You work a ton, and you’re a lifelong insomniac. Have you ever learned to relax?
I have a hard time turning the brain off sometimes. A quarter of a Xanax helps [laughs]. And I’m a real good cook, man – I make breakfast, lunch and dinner. I got, like, a Zagat-rated lasagna that I make. And I make my own stock, make my own pasta, a great red sauce. One of the hardest things about [being on] the road is you never cook and end up eating a lot of subpar food.
You had a laid-back hippie dad. What did you learn from him that you use in parenting your own two kids?
My parents were always open and honest and real – my dad fucking cursed all the time. They didn’t hide stuff from me and it’s made for a good relationship. You’re going to be best served just being yourself – if you were phony as a parent, they’ll sniff that shit out really quick when they get older. I’ve been over to friends’ houses where the mother will reprimand them for holding the utensils wrong at the dinner table. For me, that kind of thing always leads to the kid not wanting to spend real adult time with their family. They’re being treated like a dog, so they don’t want to hang out with you like a human.
You box every day – what do you get from that?
It’s really addictive, but I’m still rage-filled – maybe I need to get into some kicking, too. I can’t get enough rage out with just my fists, so I’m going to try to add the legs [laughs]. But I’ve learned the best boxers manipulate the subtleties, just like in music and art – it’s the little stuff that separates the number-one guy from the number 10. Román González is my favorite, because he’s such a pure boxer. He has heavy hands, which is great, and his lateral movement and footwork are incredible.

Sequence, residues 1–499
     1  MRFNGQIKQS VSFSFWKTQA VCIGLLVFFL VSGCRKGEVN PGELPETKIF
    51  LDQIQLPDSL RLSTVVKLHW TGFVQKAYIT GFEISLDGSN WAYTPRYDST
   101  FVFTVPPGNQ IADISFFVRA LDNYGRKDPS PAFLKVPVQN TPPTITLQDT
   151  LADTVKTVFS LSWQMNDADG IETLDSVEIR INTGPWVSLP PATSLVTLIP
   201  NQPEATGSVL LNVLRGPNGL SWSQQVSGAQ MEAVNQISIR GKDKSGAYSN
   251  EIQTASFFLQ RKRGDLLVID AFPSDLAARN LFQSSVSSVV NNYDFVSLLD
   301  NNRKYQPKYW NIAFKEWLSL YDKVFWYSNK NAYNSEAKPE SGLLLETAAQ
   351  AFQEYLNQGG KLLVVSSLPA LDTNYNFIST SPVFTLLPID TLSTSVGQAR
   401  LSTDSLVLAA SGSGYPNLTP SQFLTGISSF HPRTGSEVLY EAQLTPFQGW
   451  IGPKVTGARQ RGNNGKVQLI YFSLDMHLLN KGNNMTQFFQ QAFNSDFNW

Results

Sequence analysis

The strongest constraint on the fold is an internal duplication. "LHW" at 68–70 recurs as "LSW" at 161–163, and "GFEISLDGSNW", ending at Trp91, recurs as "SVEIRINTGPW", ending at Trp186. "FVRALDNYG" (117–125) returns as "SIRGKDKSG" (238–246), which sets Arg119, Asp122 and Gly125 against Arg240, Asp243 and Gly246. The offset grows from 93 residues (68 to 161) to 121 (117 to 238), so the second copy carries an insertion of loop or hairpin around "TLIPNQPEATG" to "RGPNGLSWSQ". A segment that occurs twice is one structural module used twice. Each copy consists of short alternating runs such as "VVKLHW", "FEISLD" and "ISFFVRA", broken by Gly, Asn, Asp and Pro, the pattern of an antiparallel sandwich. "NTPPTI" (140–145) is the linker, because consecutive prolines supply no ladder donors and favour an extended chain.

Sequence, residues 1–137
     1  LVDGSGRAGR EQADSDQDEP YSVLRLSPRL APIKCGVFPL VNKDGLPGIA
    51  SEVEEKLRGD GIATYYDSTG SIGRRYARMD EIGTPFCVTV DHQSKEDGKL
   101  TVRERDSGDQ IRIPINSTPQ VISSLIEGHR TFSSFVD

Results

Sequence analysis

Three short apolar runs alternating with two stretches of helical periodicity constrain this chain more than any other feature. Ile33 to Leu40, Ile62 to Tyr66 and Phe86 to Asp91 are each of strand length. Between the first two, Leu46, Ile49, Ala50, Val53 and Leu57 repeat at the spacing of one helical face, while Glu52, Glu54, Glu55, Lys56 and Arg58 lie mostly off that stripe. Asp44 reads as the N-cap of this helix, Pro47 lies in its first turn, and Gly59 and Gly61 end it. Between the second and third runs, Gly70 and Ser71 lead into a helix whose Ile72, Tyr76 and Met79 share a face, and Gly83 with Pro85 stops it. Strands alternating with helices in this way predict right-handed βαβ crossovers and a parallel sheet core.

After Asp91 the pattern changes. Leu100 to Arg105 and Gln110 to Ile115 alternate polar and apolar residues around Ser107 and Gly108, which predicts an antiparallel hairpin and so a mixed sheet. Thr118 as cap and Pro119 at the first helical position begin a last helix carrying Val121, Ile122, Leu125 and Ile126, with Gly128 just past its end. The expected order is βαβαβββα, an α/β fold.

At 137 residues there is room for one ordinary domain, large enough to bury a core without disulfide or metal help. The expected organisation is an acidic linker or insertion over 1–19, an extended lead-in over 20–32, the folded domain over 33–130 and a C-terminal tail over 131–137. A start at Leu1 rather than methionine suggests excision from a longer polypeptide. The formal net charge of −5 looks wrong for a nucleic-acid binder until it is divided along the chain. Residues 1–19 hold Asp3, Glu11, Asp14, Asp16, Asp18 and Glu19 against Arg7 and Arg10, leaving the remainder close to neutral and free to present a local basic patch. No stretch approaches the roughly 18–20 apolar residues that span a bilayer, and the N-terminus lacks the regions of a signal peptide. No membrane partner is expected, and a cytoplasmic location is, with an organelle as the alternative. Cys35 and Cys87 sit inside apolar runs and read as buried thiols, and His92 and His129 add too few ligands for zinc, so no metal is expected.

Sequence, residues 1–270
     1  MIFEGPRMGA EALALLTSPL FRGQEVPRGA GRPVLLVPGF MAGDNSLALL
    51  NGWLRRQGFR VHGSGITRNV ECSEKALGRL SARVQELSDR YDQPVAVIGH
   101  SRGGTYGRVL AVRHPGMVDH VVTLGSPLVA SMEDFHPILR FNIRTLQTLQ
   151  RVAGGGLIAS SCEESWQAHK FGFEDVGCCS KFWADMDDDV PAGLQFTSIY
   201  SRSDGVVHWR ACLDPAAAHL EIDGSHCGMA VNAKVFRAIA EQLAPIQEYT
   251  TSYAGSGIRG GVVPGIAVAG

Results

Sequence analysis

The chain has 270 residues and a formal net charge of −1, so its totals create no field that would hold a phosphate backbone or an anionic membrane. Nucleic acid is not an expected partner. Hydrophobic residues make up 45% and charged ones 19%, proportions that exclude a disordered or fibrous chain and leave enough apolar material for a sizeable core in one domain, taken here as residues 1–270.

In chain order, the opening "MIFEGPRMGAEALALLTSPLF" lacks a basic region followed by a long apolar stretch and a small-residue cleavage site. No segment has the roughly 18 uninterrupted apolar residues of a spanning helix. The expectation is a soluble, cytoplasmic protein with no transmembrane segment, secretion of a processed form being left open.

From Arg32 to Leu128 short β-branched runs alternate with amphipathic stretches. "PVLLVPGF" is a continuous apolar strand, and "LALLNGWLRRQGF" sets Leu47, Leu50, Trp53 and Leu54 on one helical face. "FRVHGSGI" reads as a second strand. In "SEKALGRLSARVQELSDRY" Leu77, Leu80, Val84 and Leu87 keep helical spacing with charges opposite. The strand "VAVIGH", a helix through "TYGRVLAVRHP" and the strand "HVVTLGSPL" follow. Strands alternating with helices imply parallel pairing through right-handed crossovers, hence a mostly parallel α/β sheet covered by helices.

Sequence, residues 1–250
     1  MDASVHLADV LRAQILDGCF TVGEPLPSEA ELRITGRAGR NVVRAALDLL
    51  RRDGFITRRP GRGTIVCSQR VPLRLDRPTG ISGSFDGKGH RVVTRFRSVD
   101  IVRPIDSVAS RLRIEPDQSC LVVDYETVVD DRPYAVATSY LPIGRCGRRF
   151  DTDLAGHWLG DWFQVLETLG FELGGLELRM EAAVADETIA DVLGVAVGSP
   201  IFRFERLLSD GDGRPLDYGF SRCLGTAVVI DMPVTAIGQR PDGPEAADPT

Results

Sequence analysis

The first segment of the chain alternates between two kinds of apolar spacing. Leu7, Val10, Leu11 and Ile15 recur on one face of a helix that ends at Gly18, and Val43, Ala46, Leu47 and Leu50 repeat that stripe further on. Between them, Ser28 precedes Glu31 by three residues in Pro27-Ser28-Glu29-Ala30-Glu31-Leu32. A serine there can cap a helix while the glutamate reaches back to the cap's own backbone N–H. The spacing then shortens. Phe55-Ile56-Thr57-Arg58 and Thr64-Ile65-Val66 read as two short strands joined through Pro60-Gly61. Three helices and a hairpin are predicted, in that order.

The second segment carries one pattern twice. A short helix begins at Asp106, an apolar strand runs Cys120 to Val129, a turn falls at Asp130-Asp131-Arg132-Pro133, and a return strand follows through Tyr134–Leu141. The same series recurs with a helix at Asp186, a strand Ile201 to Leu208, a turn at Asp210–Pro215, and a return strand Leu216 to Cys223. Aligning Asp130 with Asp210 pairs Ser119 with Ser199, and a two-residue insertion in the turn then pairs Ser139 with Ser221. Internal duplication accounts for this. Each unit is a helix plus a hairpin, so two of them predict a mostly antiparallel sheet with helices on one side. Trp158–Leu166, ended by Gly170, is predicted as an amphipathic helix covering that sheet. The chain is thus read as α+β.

What was your favorite book as a kid, and what does that say about you?
I was obsessed with a book called My Side of the Mountain, about a kid who runs away and then lives in the woods in a hollowed-out tree. And I essentially wanted to have a hollowed-out treehouse ever since I was, like, 14. Actually, my treehouse is essentially my studio – I just realized that that’s what I should name it.
What’s your favorite room in your house?
I’ve got a room I call “the library.” It’s Daddy’s room. Strange smells emanate from Daddy’s room, and the fireplace is on and it’s dimly lit. I’ve got the stereo there. We listen to gospel records. I sit in there and feed the baby the bottle. And the sun comes up on that side, so I usually watch the sunrise in the morning there.
Who are your heroes – who would you still be nervous to meet?
Ever since I met Lou Reed, I don’t really have heroes anymore. Or, at least, I don’t want to meet them, unless I’m working as equals in the studio with someone like Dr. John. I heard a lot of Lou stories from my cousin [Voidoids guitarist] Robert Quine. Then the Black Keys were playing a fundraiser with Lou right after Robert died in 2004. So I walk up to Lou and say, “I’m playing in the Black Keys here. My cousin was Robert Quine. He told me how much he thought of you.” Lou stared in my eyes, and just turned around and walked away [laughs].
What rules do you live by?
Basic rules, like, be good to people. I’ve never been in a fight in my whole life. On the soccer team in high school, I broke up a lot of fights, held a lot of people down. I’ve ducked some punches, but I always thought fighting was for pussies. You’re fighting because you can’t express yourself. I never want to be that weak.
You were raised in Akron, Ohio. What’s the most Midwestern thing about you?
I wear the same jeans every day. In the Midwest, you get a pair of jeans and then you just wear them until the crotch splits, and then you have to get a new pair. I buy a lot of pants, but I only wear my jeans. I see myself as this person who can wear slacks, and then I never do it.
What habit would you like to break?
Habit? My whole life is a habit! My coffee, the things I eat, how I get dressed. If I start breaking habits, I’m fucking with the matrix – I’m afraid to mess with the space-time continuum. And I’m happy with myself, warts and all. All my flaws – fuck it. I’m not trying to be perfect anymore. The people who are around me like me enough for who I am. You can read as many self-help books as you want, but you are who you are. You gotta just start to accept that.